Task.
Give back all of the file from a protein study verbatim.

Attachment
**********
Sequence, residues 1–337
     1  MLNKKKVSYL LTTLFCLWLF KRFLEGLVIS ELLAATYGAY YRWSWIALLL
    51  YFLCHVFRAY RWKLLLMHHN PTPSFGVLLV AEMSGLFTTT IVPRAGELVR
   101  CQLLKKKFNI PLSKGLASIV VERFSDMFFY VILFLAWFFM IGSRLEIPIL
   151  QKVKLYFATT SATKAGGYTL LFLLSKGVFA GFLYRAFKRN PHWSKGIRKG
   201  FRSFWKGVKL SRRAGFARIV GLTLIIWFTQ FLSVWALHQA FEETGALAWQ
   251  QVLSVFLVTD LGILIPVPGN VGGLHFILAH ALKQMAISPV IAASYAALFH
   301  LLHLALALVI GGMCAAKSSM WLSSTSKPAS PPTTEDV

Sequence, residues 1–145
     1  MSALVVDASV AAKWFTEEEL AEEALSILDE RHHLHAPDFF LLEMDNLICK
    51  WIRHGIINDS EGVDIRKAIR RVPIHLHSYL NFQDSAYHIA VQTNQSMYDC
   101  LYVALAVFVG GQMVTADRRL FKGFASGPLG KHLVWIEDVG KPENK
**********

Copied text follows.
Sequence, residues 1–337
     1  MLNKKKVSYL LTTLFCLWLF KRFLEGLVIS ELLAATYGAY YRWSWIALLL
    51  YFLCHVFRAY RWKLLLMHHN PTPSFGVLLV AEMSGLFTTT IVPRAGELVR
   101  CQLLKKKFNI PLSKGLASIV VERFSDMFFY VILFLAWFFM IGSRLEIPIL
   151  QKVKLYFATT SATKAGGYTL LFLLSKGVFA GFLYRAFKRN PHWSKGIRKG
   201  FRSFWKGVKL SRRAGFARIV GLTLIIWFTQ FLSVWALHQA FEETGALAWQ
   251  QVLSVFLVTD LGILIPVPGN VGGLHFILAH ALKQMAISPV IAASYAALFH
   301  LLHLALALVI GGMCAAKSSM WLSSTSKPAS PPTTEDV

Sequence, residues 1–145
     1  MSALVVDASV AAKWFTEEEL AEEALSILDE RHHLHAPDFF LLEMDNLICK
    51  WIRHGIINDS EGVDIRKAIR RVPIHLHSYL NFQDSAYHIA VQTNQSMYDC
   101  LYVALAVFVG GQMVTADRRL FKGFASGPLG KHLVWIEDVG KPENK